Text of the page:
Well, there you are so deep in the woods that you'd like to trade your 5-iron for a power saw. How should you play it -- gamble or get safely back in the fairway?
Play It Safe
If you're in the trees, get back to the fairway. Players too often look toward the green, pick out an opening between the trunks and hope to steer a shot through and onto the putting surface. That's the ultimate low-percentage shot, more likely to ricochet even deeper into the woods.
Instead, realize that a bogey isn't a bad price to pay for an errant tee shot. Then find the safest way back to the fairway, even if it means pitching out sideways. You still can hit the green with your next shot and one-putt for par.
Playing off Pine Needles
Wherever pine trees grow, pine needles fall, presenting a challenge to the golfer who has to play off them.
For long shots off pine needles, play the ball as you would from a fairway bunker: slightly open stance; ball midway between the feet; hands well ahead. Take care not to ground the club, which might cause the ball to move, giving you a one-shot penalty. Make a low takeaway and a sweeping downswing, making sure to hit the ball first.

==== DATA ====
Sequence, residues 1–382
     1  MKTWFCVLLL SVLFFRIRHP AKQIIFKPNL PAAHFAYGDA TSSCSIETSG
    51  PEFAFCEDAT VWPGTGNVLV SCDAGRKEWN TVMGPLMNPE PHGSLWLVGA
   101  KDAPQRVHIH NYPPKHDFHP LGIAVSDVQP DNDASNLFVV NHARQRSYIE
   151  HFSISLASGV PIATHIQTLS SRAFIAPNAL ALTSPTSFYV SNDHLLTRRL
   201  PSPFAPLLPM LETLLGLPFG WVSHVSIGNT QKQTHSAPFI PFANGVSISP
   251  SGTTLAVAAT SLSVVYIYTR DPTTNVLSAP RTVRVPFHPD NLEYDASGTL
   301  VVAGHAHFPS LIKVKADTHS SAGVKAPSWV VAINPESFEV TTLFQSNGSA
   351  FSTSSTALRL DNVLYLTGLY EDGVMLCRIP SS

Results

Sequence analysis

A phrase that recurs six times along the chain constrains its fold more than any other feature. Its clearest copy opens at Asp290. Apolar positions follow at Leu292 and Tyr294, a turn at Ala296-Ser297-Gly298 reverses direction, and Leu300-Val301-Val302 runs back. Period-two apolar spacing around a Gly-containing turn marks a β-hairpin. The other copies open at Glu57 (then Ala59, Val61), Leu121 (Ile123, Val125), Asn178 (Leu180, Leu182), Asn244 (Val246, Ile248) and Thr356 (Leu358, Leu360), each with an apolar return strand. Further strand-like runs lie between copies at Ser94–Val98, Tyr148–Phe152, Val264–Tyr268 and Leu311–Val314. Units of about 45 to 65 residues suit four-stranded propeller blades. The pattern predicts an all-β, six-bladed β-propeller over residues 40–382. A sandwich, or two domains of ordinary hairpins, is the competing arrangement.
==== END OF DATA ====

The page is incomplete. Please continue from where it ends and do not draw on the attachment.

For shorter shots off needles, rather than trying to pick the ball clean, explode the way you would from sand. This is especially wise when the bed of needles is thick and spongy.
For the explosion, take an open stance, open the blade and hit about an inch behind the ball. Keep the wrists firm and the clubface open while concentrating on sliding it underneath the ball. Use the pitching wedge; its sharper edge will more easily cut through the needles. The shot will land with almost no spin, so allow for it to roll.
Sometimes a tree trunk or branch restricts the backswing. Oftentimes it distracts you to the point of hitting a poor shot.
Most players approach the shot by making several practice swings, getting a feel for how far back they can take the club. But when it's time to hit the ball, they tense up, make a fast backswing and bang the club into the obstruction, almost always ruining the shot.
When you have a restricted backswing, take some practice swings to get the feel for length. Make a special effort to take the club back slowly and deliberately. The function of the backswing is to set the club in position for the downswing, so a slower-than-usual action won't hurt you.
Bring the club back slowly, even allowing it to tap the trunk or branch at the top, then swing down crisply with the arms and hands, keeping your head still to ensure square contact.
Private Lessons 1999 Times Mirror Magazines, Inc., used under license by GolfServ Online, Inc. Instructional information provided by Golf Magazine.